/usr/bin/logger "[$0] Suspending due to $1 event ($2)"
        /usr/sbin/pm-suspend
else
        /usr/bin/logger "[$0] Hibernating due to $1 event ($2) on battery"
        /usr/sbin/pm-hibernate
fi

:!: Since May 19 (at least, on my machine) there is a /etc/acpi/handler.sh which “takes an entry for all actions.” It is also mentioned here. However, it races with the configuration above (both suspending AND powering the machine off). Simply renaming it out of the way seems to work.

Lid

We add another set of event and script tr manage the lid.

/etc/acpi/events
event=button/lid
action=/etc/acpi/actions/lm_lid_e6320.sh %e
/etc/acpi/actions/lm_lid_e6320.sh
#!/bin/bash
if [ x`cat /sys/class/power_supply/AC/online` == x1 ]; then
        if grep -q closed /proc/acpi/button/lid/LID/state; then
                /usr/bin/logger "[$0] Blanking and locking due to $1 event ($2) (or so should it be)"
        fi
else
        if grep -q closed /proc/acpi/button/lid/LID/state; then
                /usr/bin/logger "[$0] Suspending due to $1 event ($2) on battery"
                /bin/sync
                /usr/sbin/pm-suspend
        fi
fi

Ethernet

Sometimes, the ethernet interface (driven by e1000e) does not see any carrier (NO-CARRIER) despite being properly plugged in. This is a known bug, with a patch waiting in the pipe. This seems to be related to power management, and the device sleeping when it shouldn't.

In the meantime, forcibly waking the device works.

$ sudo -i
# echo on > /sys/bus/pci/devices/0000\:00\:19.0/power/control

Mobile Broadband

These seem to be quite similar to those on the Dell Latitude E4300. See the AT command set for that broadband module, which seems to be similar. Generic support is being developed there.

From http://www.thinkwiki.org/wiki/Ericsson_F3507g_Mobile_Broadband_Module:

$ for n in `ls /sys/class/*/*{ACM,wdm,wwan0}*/device/interface`;do echo $(echo $n|awk -F '/' '{print $5}') : $(cat $n);done
wwan0 : Dell Wireless 5550 HSPA+ Mobile Broadband Mini-Card Network Adapter
ttyACM0 : Dell Wireless 5550 HSPA+ Mobile Broadband Mini-Card Modem
ttyACM1 : Dell Wireless 5550 HSPA+ Mobile Broadband Mini-Card Data Modem
ttyACM2 : Dell Wireless 5550 HSPA+ Mobile Broadband Mini-Card GPS Port
cdc-wdm0 : Dell Wireless 5550 HSPA+ Mobile Broadband Mini-Card Device Management
cdc-wdm1 : Dell Wireless 5550 HSPA+ Mobile Broadband Mini-Card USIM Port

Its status (RF-Kill/flight mode) is linked to the wireless button on the right side of the laptop. This is confirmed by the AT+CFUN command on ttyACM0.

Wireless button on:

$ sudo screen /dev/ttyACM0

*EMRDY: 1
AT+CFUN?
+CFUN: 1

OK

and off:

$ sudo screen /dev/ttyACM0

*EMRDY: 1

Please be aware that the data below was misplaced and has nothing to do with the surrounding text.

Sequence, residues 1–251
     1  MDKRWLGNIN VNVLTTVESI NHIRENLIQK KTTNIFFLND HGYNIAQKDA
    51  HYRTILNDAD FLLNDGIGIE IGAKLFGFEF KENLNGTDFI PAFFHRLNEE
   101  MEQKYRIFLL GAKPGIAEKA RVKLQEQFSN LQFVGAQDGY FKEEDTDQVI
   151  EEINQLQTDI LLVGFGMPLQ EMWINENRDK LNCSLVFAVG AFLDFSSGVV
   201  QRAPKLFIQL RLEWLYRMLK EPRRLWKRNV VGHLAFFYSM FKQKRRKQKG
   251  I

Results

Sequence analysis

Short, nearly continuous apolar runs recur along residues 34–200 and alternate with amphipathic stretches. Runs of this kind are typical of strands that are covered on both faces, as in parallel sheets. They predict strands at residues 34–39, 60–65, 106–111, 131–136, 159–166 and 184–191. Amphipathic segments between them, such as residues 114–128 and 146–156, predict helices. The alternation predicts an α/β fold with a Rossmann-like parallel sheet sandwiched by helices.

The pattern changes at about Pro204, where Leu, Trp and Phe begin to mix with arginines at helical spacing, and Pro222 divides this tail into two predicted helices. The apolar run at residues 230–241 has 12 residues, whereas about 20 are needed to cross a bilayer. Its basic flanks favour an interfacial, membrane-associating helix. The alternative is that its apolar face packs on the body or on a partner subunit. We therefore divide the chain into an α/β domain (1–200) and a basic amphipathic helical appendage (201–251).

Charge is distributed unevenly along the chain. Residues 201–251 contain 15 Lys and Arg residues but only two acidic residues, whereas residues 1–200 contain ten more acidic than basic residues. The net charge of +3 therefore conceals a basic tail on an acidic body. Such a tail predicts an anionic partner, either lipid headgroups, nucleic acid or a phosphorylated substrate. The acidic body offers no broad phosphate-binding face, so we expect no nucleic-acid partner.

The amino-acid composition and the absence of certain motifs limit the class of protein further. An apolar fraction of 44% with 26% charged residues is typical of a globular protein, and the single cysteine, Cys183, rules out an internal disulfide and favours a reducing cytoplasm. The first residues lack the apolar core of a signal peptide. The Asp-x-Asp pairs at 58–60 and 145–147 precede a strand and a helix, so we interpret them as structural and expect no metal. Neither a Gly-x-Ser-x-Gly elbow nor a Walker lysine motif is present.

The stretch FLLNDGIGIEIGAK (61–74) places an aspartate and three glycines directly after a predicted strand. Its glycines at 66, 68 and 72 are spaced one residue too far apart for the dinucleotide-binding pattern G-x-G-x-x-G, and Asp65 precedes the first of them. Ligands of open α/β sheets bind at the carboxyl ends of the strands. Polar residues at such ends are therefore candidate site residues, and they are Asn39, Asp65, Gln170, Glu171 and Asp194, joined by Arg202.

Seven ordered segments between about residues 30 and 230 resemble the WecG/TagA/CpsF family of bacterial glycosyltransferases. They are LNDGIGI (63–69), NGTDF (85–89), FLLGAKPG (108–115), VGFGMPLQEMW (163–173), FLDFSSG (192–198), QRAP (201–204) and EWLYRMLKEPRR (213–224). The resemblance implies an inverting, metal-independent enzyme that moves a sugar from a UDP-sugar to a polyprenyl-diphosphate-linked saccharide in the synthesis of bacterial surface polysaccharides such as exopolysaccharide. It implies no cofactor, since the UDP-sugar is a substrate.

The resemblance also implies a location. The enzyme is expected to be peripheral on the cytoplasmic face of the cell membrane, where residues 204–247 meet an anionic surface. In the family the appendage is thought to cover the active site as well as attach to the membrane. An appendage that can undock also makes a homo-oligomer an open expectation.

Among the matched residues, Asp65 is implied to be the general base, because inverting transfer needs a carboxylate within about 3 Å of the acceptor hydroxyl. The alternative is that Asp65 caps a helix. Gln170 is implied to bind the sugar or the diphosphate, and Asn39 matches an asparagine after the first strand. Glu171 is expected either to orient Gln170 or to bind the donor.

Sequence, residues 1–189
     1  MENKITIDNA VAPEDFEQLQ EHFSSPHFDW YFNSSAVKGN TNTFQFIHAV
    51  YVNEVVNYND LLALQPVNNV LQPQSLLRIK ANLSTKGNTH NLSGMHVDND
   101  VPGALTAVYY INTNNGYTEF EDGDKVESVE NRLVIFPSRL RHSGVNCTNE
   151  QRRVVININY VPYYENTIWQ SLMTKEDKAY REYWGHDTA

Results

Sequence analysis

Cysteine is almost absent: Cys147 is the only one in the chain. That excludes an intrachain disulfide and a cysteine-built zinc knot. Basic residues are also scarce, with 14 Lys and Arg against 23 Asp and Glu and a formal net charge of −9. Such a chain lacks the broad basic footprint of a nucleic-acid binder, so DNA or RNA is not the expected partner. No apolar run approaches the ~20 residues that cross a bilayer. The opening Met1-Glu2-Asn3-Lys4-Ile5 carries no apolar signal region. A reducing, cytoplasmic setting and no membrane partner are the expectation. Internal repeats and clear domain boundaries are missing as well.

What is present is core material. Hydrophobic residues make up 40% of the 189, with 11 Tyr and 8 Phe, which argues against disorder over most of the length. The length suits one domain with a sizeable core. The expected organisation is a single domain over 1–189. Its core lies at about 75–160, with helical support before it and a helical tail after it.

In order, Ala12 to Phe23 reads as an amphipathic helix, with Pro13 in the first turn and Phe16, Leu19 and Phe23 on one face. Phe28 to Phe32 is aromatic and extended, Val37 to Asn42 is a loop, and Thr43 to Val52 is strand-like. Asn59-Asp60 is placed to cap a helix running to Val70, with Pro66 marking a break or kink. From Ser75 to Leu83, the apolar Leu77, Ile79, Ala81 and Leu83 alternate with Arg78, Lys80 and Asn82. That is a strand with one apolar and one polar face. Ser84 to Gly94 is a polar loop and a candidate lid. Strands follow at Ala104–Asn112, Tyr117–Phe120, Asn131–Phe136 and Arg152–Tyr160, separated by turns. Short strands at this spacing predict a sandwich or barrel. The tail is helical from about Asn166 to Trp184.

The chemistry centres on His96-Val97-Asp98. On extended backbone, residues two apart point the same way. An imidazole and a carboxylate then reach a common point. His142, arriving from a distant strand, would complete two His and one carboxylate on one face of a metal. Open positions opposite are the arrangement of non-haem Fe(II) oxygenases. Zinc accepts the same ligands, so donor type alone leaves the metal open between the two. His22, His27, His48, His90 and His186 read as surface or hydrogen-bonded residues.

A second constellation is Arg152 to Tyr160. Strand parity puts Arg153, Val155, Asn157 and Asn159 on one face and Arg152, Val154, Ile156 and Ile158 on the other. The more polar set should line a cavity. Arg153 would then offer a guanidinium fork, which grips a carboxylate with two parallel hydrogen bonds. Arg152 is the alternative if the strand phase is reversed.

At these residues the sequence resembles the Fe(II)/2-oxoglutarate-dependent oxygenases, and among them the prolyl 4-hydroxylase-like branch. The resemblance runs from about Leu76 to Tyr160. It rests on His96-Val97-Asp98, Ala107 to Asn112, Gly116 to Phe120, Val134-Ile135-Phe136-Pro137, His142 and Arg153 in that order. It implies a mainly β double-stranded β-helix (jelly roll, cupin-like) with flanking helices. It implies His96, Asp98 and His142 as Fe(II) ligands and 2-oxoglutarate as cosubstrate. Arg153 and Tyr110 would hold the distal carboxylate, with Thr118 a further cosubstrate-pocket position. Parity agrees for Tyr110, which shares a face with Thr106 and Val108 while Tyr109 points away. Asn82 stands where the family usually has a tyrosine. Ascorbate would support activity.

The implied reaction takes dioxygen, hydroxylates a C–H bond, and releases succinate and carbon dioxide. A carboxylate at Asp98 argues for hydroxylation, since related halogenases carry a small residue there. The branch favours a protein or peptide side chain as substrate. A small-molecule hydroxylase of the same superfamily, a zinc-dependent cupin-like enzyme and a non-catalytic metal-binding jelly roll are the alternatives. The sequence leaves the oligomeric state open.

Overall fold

AT+CFUN?
+CFUN: 4

OK

In that latter mode, many functions used below just return ERROR.

Modem

The modem works with mmcli from the ModemManager package.

$ sudo pacman -S modemmanager
$ sudo systemctl enable ModemManager
$ sudo systemctl start ModemManager
$ sudo mmcli -L
Found 1 modems:
    /org/freedesktop/ModemManager1/Modem/0 [Dell] DW5550
$ sudo mmcli -m 0  --simple-connect apn=internet # 0 comes from the list above

Note: ModemManager seemed to disrupt the functionning of another 3G dongle (Huawei E160) connected to the machine as a stop-gap measure, even though it didn't actually list it as another modem. That modem worked out of the box (without ModemManager) with netctl's mobile_ppp profile, once the right APN was set.

tldr; Quick and dirty connection script

wwan.sh
#!/bin/sh
APN=internet
DHCP="sudo dhcpcd"
 
MODEM=`mmcli -L | sed -n 's#.*\(/org/.*/Modem/[0-9]\+\).*#\1#p'`
echo "Using modem ${MODEM} to connect to APN ${APN}..." >&2
 
mmcli -m ${MODEM} --simple-connect apn=${APN} >/dev/null
 
BEARER=`mmcli -m ${MODEM} | sed -n 's#.*\(/org/.*/Bearer/[0-9]\+\).*#\1#p'`
echo "Bearer: ${BEARER}" >&2
IF=`mmcli -m ${MODEM} -b ${BEARER} | sed -n "s/.*interface: '\([^ \t]\+\)'.*/\1/p"`
echo "Obtaining IP address on ${IF}..." >&2
 
${DHCP} ${IF}

More fiddly version

$ mmcli -m 0
/org/freedesktop/ModemManager1/Modem/0 (device id '25cc83245aba9c8a5cee70f6c3b391fe9f1aef4a')
  -------------------------
  Hardware |   manufacturer: 'Dell'
           |          model: 'DW5550'
           |       revision: 'R2A07(R2A07)'
           |      supported: 'gsm-umts'
           |        current: 'gsm-umts'
           |   equipment id: 'XXX'
  -------------------------
  System   |         device: '/sys/devices/pci0000:00/0000:00:1d.0/usb2/2-1/2-1.6'
           |        drivers: 'cdc_acm, cdc_ncm, cdc_wdm'
           |         plugin: 'Ericsson MBM'
           |   primary port: 'ttyACM1'
           |          ports: 'ttyACM1 (at), cdc-wdm0 (at), cdc-wdm1 (at), wwp0s29u1u6i6 (net), ttyACM2 (at), ttyACM0 (at)'
  -------------------------
  Numbers  |           own : 'unknown'
  -------------------------